Snow, Snow, Everywhere!

Deacon Mike shows the children how to use your coat as a sled!

A child is mysterious and powerful

and contains within himself the secret of human nature.

–Dr. Maria Montessori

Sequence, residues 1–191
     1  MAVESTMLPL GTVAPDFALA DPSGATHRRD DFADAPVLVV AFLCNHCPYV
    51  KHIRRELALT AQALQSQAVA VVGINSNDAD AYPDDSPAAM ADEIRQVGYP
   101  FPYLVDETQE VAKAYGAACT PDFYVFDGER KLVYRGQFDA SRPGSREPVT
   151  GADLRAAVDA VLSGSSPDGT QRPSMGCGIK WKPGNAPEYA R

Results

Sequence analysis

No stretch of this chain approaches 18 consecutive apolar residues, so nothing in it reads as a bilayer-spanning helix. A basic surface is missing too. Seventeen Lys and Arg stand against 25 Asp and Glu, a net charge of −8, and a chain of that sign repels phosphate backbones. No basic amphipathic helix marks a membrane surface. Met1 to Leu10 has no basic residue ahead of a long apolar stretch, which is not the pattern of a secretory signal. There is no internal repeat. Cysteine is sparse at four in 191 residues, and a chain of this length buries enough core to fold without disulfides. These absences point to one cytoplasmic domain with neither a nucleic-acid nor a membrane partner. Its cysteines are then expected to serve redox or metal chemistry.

Montessori teaches to deeply respect children, not interrupting when they are concentrating, allowing them to discover their own mistakes rather than pointing them out, observing without judgment. However, the ability to transform old habits and apply Montessori philosophy can be challenging.  Sometimes, whether aware of it or not, we can make veiled demands and pressure children to do things they don’t want to do, because somehow we ‘know’ what the child needs, because we are older; wiser; have more experience.  We sometimes have to check ourselves — are we giving the appearance of choices?  Or are we really asking the child to do what we want them to do?  Are we inviting a child into a lesson, or are we demanding their attention?   When we allow a child to continue working rather than joining the circle, we respect his need to continue his ‘work’ and value his need to concentrate.  When we understand that wandering is part of a child’s need for movement, we value the mystery that lives within them that we cannot see.  This matters to us, and while we may make mistakes, we know that we are guided by that mystery as well.


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